Names for Things

Names for Things

A Study in Human Learning

By John Macnamara

The book is concerned with the child's acquisition of names (by which is meant words that refer to objects - including proper names, common nouns in some uses, and pronouns in some uses).

Overview

Author(s)

Praise

Summary

The book is concerned with the child's acquisition of names (by which is meant words that refer to objects - including proper names, common nouns in some uses, and pronouns in some uses).

Four chapters in the book's first section, Matters Mainly Psychological, describe empirical observations that explore how a child copes with the fact that many different name-like words can be applied to a single object. A second major section, Matters Mainly Linguistic, contains chapters on phonology, the learning of grammatical categories, the definite and indefinite articles, and the plural. A third section, Matters Mainly Philosophical, focuses entirely on the complex issues of reference and meaning. A final chapter reflects on the implications of the book for developmental psychology.

An MIT Press/Bradford Book.

Hardcover

ISBN: 9780262131698 296 pp. |

Paperback

$34.00 X ISBN: 9780262630924 296 pp. |

Reviews

  • In a fascinating and controversial book, Macnamara explores a complex question—how children learn which words go into which grammatical categories, how they learn to name 'things you could bump into.' The author, a professor of psychology at McGill University, travels through psychological, linguistic, and philosophical domains, weaving empirical research with intelligent speculation. Along the way he criticizes the views of those who, like Piaget and Inhelder, assume that the child's mind is very different from the adult's, and that children cannot form 'true concepts' until at least the age of 7 because they haven't the logical mechanisms required.... Names for Things is a hard but rewarding book.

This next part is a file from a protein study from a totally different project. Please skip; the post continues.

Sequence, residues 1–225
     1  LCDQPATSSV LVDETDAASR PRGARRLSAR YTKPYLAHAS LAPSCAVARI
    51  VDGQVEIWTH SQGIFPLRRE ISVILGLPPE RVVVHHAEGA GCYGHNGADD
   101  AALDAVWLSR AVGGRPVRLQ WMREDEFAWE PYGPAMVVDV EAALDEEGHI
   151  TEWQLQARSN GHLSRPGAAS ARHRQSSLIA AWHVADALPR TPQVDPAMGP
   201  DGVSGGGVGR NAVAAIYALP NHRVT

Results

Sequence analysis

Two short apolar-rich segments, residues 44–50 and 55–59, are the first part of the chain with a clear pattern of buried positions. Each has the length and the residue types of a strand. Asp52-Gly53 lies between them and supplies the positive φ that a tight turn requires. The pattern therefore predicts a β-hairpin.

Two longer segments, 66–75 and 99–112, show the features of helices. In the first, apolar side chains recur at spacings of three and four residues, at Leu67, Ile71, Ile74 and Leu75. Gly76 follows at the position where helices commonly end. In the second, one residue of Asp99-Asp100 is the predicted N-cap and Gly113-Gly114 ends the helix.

Psychology Today

  • In a fascinating and controversial book, Macnamara explores a complex question—how children learn which words go into which grammatical categories, how they learn to name 'things you could bump into.' The author, a professor of psychology at McGill University, travels through psychological, linguistic, and philosophical domains, weaving empirical research with intelligent speculation. Along the way he criticizes the views of those who, like Piaget and Inhelder, assume that the child's mind is very different from the adult's, and that children cannot form 'true concepts' until at least the age of 7 because they haven't the logical mechanisms required.... Names for Things is a hard but rewarding book.

    Psychology Today

Endorsements

  • I know of no other work that so simply spells out all the central issues. The book is concerned with the child's acquisition of names (by which is meant words that refer to objects - including proper names, common nouns in some uses, and pronouns in some uses). Macnamara shows that a theory of acquisition must specify what the child brings to the task, and then how he uses what is innately given. Macnamara then proceeds to lay out the problem in all its complexity, while also carving out chunks of it on which empirical progress can be made. The result is delightful, informative, and precedent-setting.

    Susan Carey

    MIT

  • Macnamara promises us that a careful treatment of how children learn to use nouns will raise some of the deepest questions to be found in cognitive psychology, linguistics, and philosophy of mind, and will contribute to answers to these questions as well. In his new book, Names for Things, Macnamara keeps that promise.

    Steven Pinker

    Stanford University